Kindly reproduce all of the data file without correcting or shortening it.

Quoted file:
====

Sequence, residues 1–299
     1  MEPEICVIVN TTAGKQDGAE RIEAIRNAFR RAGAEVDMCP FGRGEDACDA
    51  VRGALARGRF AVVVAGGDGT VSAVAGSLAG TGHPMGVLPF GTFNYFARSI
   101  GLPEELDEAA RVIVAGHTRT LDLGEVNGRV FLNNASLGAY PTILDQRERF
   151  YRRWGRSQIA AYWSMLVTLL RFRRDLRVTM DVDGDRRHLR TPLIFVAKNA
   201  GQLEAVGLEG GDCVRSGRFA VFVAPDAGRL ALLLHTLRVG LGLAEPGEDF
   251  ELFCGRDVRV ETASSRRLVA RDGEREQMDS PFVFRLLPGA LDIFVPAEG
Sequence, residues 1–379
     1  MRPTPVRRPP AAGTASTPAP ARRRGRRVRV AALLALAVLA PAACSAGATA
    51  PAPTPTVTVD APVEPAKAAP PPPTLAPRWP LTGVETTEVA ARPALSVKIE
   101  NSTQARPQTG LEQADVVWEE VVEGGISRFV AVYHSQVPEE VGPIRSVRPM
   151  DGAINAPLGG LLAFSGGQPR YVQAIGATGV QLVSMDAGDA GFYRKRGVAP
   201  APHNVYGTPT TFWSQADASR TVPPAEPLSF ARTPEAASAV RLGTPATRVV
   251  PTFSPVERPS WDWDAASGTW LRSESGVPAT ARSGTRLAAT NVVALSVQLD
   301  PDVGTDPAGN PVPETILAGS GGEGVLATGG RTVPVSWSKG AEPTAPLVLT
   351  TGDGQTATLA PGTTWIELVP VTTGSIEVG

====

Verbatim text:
Sequence, residues 1–299
     1  MEPEICVIVN TTAGKQDGAE RIEAIRNAFR RAGAEVDMCP FGRGEDACDA
    51  VRGALARGRF AVVVAGGDGT VSAVAGSLAG TGHPMGVLPF GTFNYFARSI
   101  GLPEELDEAA RVIVAGHTRT LDLGEVNGRV FLNNASLGAY PTILDQRERF
   151  YRRWGRSQIA AYWSMLVTLL RFRRDLRVTM DVDGDRRHLR TPLIFVAKNA
   201  GQLEAVGLEG GDCVRSGRFA VFVAPDAGRL ALLLHTLRVG LGLAEPGEDF
   251  ELFCGRDVRV ETASSRRLVA RDGEREQMDS PFVFRLLPGA LDIFVPAEG
Sequence, residues 1–379
     1  MRPTPVRRPP AAGTASTPAP ARRRGRRVRV AALLALAVLA PAACSAGATA
    51  PAPTPTVTVD APVEPAKAAP PPPTLAPRWP LTGVETTEVA ARPALSVKIE
   101  NSTQARPQTG LEQADVVWEE VVEGGISRFV AVYHSQVPEE VGPIRSVRPM
   151  DGAINAPLGG LLAFSGGQPR YVQAIGATGV QLVSMDAGDA GFYRKRGVAP
   201  APHNVYGTPT TFWSQADASR TVPPAEPLSF ARTPEAASAV RLGTPATRVV
   251  PTFSPVERPS WDWDAASGTW LRSESGVPAT ARSGTRLAAT NVVALSVQLD
   301  PDVGTDPAGN PVPETILAGS GGEGVLATGG RTVPVSWSKG AEPTAPLVLT
   351  TGDGQTATLA PGTTWIELVP VTTGSIEVG